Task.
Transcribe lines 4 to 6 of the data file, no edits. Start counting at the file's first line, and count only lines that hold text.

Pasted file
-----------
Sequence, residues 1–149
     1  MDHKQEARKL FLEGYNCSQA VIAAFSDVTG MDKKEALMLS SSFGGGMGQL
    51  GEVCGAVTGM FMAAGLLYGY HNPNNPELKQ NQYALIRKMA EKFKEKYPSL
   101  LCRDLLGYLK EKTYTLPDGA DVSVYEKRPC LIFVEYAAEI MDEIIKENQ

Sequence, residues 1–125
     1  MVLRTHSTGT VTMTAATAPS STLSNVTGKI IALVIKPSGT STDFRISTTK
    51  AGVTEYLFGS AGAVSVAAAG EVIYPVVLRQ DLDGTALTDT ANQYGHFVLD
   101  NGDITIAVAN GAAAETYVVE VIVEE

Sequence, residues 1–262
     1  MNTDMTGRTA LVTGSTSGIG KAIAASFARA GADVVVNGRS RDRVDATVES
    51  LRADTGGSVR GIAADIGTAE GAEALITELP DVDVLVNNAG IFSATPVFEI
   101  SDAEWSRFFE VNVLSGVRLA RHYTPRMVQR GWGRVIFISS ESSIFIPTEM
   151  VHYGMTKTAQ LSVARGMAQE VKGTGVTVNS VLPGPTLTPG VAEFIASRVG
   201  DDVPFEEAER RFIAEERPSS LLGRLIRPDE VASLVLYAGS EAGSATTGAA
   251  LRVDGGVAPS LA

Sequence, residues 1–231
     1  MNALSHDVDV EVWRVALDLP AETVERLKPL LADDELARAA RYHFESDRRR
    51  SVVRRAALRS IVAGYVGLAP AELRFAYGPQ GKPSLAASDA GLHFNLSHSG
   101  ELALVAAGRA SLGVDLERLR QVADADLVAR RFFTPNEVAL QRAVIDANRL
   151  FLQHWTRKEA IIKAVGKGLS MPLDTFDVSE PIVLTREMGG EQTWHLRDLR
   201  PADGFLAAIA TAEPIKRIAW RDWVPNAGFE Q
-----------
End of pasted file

   101  LCRDLLGYLK EKTYTLPDGA DVSVYEKRPC LIFVEYAAEI MDEIIKENQ

Sequence, residues 1–125
     1  MVLRTHSTGT VTMTAATAPS STLSNVTGKI IALVIKPSGT STDFRISTTK